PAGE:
A report by Dr Rosenow on the Project's earlier work at the site was published in Egyptian Archaeology 32 and can be downloaded here; whilst further discoveries including an article by Director, Eva Lange, which considers the role Bubastis played in the Twenty-Second Dynasty and publishes evidence for new kings named Shoshenq, can be found in EA37 here. You can follow the team's progress on their blog.
Spring 2011 Season (funded by the Amelia Edwards Project Awards)
The Joint University of Potsdam / SCA Tell Basta Project*, which was supported by the EES as an Amelia Edwards Project, completed its second season with the EES in Spring 2011. The team was among the first to return to work after the resignation of President Mubarak and below the Head of Mission, Dr Eva Lange, reports on a successful season in the 'New Egypt'.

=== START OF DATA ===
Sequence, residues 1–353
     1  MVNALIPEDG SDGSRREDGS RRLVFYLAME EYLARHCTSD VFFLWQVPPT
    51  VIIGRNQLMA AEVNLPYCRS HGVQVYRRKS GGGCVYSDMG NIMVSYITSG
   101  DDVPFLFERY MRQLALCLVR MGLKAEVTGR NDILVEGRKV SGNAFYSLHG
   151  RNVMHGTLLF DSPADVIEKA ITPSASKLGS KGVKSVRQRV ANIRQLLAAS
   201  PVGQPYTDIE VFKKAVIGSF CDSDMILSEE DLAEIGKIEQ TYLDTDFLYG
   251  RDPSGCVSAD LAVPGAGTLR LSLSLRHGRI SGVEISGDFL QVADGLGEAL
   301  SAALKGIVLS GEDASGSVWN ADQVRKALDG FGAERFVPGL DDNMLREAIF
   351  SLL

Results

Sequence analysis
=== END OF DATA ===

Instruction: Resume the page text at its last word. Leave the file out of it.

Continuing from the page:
"The Spring 2011 field campaign at the site of Tell Basta, the ancient city of Bubastis, commenced on 3 March. On 1 March, Daniela Rosenow and I arrived in Egypt; the other members of the team followed a few days later. The next day I went to the SCA-office, in order to sign the contract and to collect the necessary papers. Despite the unusual situation in Egypt, things went very smoothly and our Egyptian colleagues were very supportive. In the afternoon of the same day we headed to Zagazig, as one of the first missions to return to the Delta. We spent the following day, 3 March, the opening day of our campaign, on the site, checking the containers and the site itself. Fortunately, no harm had been done. We were welcomed by our Egyptian colleagues and friends at Tell Basta whom we have known for many years now. Needless to say, after the recent events, a happy reunion took place.
As planned, we undertook several tasks during this campaign. Firstly, in the entrance area in front of the temple (Area A), which is currently the focus of our archaeological investigations, a trench was excavated, to help us to answer some chronological questions.